Economy

Adelaide home construction business Red Ochre collapses despite a big jump in building approvals

Engel Schmidl /

An Adelaide home construction business turning over $11 million has collapsed with more than $1 million in debt, with many building companies still under pressure despite a drop in interest rates and an unexpected rise in building approvals.

The Australian Bureau of Statistics yesterday confirmed approvals had skyrocketed 27% during May, while over the previous year they had risen 9%. The major contributor was a 58.7% rise in “private sector dwellings, excluding houses”.

However, economists have warned the figure is coming off a low base.

Adelaide-based Red Ochre homes was placed in administration on June 18, and placed in receivership the next day. The business primarily focuses on portable homes, but has a number of fixed homes under construction as well.

Red Ochre Homes is referenced as part of a group of five independent companies known as the McCracken Group. Director Charlie Siciliano was contacted this morning, and declined to comment, except to confirm Red Ochre is not technically a subsidiary of McCracken.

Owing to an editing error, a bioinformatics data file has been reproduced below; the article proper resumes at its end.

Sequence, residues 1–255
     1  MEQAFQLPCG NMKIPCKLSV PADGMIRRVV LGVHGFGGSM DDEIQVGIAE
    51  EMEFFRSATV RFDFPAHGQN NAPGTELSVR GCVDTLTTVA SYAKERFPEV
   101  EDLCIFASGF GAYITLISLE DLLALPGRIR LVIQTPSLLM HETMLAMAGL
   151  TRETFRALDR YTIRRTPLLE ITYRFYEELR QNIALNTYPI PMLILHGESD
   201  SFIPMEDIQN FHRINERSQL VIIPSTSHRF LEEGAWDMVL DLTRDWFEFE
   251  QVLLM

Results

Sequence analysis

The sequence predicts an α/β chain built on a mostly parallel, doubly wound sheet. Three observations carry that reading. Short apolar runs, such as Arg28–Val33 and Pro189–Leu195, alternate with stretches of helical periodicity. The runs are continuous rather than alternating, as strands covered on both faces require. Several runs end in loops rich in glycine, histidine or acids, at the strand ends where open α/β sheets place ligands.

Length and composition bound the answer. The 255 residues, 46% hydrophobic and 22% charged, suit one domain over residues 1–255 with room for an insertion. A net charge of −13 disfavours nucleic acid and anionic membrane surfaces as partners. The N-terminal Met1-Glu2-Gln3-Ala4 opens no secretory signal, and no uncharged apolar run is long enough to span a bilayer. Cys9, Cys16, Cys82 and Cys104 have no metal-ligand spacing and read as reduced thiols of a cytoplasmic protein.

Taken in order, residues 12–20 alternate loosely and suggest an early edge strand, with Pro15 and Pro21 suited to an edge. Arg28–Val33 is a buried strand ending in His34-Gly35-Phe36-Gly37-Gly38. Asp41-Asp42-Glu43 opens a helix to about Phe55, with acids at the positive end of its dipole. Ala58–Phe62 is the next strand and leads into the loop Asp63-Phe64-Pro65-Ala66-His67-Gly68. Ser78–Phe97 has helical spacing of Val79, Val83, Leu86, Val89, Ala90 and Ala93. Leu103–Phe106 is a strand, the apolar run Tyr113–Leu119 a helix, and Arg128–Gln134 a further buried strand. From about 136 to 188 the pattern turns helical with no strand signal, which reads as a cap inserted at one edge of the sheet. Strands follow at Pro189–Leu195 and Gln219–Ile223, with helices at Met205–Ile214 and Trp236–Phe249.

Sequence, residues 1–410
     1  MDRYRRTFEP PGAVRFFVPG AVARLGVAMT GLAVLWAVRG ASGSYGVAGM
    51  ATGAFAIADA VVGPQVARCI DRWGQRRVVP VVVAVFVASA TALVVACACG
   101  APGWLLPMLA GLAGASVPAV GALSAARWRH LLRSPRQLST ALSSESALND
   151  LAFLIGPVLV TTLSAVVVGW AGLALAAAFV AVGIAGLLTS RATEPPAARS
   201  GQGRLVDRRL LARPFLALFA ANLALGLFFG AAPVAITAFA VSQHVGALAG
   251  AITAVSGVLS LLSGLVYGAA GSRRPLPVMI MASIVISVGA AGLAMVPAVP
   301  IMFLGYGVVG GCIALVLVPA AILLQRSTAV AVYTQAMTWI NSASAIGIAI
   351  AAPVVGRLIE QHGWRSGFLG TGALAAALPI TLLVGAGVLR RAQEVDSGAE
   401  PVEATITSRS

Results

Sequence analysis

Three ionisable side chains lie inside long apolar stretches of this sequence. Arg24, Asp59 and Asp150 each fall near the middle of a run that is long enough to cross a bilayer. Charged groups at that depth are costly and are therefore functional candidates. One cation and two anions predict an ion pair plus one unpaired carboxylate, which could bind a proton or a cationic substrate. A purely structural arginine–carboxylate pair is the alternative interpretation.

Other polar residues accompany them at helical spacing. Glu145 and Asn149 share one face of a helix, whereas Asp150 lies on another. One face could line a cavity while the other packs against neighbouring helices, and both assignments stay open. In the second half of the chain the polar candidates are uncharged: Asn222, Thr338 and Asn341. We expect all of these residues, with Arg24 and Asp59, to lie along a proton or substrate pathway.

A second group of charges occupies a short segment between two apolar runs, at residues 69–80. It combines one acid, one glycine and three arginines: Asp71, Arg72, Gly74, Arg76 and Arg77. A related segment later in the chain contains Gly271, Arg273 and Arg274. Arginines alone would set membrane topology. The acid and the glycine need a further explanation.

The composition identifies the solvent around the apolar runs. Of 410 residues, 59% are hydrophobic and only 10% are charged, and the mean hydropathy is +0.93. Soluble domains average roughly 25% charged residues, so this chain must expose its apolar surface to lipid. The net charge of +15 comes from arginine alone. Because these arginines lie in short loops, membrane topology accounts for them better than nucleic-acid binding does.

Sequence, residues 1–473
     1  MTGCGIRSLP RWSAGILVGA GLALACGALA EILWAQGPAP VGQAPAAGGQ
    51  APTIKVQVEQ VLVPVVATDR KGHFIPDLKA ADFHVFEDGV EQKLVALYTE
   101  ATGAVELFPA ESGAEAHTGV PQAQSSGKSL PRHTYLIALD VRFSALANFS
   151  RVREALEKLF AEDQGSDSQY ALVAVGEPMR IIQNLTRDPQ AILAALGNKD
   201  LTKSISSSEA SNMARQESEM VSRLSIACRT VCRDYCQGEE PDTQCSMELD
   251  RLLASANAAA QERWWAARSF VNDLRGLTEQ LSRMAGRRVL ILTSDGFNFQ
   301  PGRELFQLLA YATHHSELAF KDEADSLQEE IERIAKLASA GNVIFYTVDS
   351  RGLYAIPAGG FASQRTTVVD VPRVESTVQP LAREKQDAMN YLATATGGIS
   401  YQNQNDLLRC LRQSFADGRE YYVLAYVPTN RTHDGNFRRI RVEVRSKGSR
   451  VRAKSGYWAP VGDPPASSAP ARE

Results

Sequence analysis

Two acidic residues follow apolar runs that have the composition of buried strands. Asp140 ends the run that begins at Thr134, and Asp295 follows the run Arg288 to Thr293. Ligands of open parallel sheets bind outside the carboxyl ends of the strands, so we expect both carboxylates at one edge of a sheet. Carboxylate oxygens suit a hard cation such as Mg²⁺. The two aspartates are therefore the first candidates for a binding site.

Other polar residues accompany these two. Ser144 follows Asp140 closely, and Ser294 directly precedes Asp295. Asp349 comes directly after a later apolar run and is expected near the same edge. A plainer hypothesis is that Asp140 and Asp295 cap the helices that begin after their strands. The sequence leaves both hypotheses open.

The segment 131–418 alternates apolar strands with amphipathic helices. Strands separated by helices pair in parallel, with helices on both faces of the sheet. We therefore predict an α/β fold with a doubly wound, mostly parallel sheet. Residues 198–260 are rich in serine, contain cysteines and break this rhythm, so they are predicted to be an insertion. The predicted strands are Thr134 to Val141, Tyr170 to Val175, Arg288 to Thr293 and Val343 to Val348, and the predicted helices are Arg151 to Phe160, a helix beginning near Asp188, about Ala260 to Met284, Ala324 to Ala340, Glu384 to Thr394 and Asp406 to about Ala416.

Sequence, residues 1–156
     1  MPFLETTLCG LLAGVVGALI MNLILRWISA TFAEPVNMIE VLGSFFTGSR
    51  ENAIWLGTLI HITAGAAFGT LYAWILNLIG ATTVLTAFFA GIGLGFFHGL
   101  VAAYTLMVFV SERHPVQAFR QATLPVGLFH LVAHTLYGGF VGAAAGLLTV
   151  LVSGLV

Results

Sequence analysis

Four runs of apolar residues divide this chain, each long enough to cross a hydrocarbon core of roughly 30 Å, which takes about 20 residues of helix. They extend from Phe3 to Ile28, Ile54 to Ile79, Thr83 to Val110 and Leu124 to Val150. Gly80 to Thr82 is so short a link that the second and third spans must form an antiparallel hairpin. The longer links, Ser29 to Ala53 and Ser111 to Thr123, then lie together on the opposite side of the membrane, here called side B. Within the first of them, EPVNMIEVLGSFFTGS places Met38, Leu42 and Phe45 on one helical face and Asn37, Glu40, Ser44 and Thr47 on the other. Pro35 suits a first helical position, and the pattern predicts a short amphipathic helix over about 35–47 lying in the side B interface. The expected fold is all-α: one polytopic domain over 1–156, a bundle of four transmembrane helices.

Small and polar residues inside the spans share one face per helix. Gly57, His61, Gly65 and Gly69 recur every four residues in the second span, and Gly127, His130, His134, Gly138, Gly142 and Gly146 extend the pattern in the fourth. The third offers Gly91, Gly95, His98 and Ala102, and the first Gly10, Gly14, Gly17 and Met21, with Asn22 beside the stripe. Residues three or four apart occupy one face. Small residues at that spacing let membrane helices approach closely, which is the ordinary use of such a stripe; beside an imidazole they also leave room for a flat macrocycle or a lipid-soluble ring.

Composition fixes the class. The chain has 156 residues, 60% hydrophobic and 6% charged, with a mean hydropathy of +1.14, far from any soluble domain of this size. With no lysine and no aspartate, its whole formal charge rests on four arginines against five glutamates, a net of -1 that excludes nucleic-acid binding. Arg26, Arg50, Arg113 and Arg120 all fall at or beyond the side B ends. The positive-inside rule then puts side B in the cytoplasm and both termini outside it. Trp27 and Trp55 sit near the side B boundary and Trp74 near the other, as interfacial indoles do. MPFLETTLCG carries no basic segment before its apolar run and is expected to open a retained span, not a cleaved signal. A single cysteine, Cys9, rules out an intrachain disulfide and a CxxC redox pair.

Siciliano said the only common threads are cross-directorship, and the fact McCracken offered administrative support.

Red Ochre’s website appears to be offline, although the head office was staffed this morning.

SmartCompany has learned Red Ochre collapsed with bank debt of $1.5 million, and $2.8 million owed to unsecured creditors. There were three employees, working from the company’s leased premises, with most of the work given out to sub-contractors.

The company turned over $11 million in the 12 months to May 2012.

Rob Kirman and Sam Davies of McGrathNicol were appointed as receivers last month. Kirman told SmartCompany this morning the firm is attempting to determine if a plan can be made to keep the company going forward.

Administrator Michael Basedow was contacted this morning, but was not available for comment.

The collapse highlights the fragile nature of the building industry, which has suffered in the past couple of years as property prices drop and consumer confidence has retreated.

However, there is some hope. Yesterday’s ABS figures showing a 27% increase in building approvals for May suggest the first of the RBA’s interest rate cuts may be seeping through.

But economists have warned that after coming off a low base, the reading in June could be weaker.

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